The eurozone economy hit record growth between July and September in what economists fear is a short-lived rebound from the first wave of the pandemic.
Gross domestic product in the 19 countries increased 12.7 percent during the third quarter, in an initial estimates by the EU’s statistics office Friday. Germany, the largest economy of the group, also reported record growth for the period on Thursday.
The figures represent a snap back from the eurozone’s second-quarter fall of 11.8 percent — itself a record — after government locked their economies down to stem the spread of the coronavirus.
The figures are only temporary relief. Rising infection rates have forced governments to reintroduce containment measures, threatening a double-dip recession.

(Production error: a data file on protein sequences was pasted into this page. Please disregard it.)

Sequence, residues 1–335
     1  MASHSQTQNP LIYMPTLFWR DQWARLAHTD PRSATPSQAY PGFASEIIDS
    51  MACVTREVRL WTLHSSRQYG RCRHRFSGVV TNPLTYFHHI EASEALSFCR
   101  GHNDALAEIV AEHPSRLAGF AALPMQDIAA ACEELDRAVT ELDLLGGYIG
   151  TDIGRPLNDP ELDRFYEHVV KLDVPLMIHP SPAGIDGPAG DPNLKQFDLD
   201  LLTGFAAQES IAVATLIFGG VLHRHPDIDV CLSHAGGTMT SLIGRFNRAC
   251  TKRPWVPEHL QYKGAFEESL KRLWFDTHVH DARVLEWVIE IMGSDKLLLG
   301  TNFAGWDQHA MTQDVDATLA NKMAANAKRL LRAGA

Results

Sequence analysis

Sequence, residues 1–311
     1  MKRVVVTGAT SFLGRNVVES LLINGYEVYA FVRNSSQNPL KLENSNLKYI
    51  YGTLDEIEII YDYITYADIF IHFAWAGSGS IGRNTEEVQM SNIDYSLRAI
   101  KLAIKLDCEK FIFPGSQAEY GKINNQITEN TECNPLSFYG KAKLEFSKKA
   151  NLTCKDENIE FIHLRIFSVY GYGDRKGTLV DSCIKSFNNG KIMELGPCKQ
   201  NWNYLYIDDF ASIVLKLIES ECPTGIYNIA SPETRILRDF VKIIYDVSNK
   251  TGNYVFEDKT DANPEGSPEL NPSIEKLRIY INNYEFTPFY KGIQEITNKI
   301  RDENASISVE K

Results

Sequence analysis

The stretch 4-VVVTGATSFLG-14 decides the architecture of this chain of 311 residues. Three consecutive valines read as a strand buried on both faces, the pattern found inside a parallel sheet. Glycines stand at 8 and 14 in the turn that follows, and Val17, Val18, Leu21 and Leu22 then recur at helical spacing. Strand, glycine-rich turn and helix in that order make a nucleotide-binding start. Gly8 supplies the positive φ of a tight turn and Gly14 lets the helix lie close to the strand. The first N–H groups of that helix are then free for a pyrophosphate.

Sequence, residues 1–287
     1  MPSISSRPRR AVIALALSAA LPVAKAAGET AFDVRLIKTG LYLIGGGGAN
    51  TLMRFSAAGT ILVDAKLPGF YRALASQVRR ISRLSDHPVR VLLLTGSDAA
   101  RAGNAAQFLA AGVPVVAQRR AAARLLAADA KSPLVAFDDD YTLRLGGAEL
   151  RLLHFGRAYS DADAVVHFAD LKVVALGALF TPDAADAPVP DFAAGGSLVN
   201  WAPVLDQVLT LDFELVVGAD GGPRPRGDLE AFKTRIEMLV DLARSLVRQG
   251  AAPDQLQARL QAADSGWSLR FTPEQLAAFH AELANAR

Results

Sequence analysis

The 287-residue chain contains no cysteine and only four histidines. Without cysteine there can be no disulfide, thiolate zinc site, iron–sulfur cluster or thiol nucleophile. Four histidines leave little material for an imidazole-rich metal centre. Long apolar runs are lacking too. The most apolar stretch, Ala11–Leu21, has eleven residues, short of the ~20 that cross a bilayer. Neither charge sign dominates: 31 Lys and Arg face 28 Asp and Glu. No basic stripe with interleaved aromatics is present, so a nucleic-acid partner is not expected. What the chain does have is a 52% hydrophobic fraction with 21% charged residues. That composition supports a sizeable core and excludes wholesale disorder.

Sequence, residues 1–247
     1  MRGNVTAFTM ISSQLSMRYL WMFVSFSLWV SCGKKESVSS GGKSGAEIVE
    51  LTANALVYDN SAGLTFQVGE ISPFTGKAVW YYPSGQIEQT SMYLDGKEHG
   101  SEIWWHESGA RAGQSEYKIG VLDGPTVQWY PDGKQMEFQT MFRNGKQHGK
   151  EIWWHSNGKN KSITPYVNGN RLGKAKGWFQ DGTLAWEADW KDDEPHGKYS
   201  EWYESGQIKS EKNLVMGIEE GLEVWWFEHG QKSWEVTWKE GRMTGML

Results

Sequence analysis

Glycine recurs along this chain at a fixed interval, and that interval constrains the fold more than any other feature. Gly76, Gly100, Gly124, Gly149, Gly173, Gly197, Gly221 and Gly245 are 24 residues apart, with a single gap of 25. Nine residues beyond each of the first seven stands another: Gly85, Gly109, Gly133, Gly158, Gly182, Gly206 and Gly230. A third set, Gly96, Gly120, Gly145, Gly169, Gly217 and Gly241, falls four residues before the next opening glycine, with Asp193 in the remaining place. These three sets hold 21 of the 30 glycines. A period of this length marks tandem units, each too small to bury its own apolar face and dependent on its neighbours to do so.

The European Central Bank on Thursday signaled that it would beef up monetary policy in December to counter further economic downturns, while President Christine Lagarde pointed to “an outlook that is fairly dark.”
Prices in the eurozone continued to fall in October — another downward pressure on the economy for the current quarter. Eurostat’s flash estimate Friday said inflation this month stands at negative 0.3 percent, continuing a trend that started in August. The ECB aims for prices to rise at a pace close to but below 2 percent.
Unemployment has been holding steady. Fresh Eurostat data Friday showed a jobless rate of 8.3 percent across the euro area in September, unchanged from August.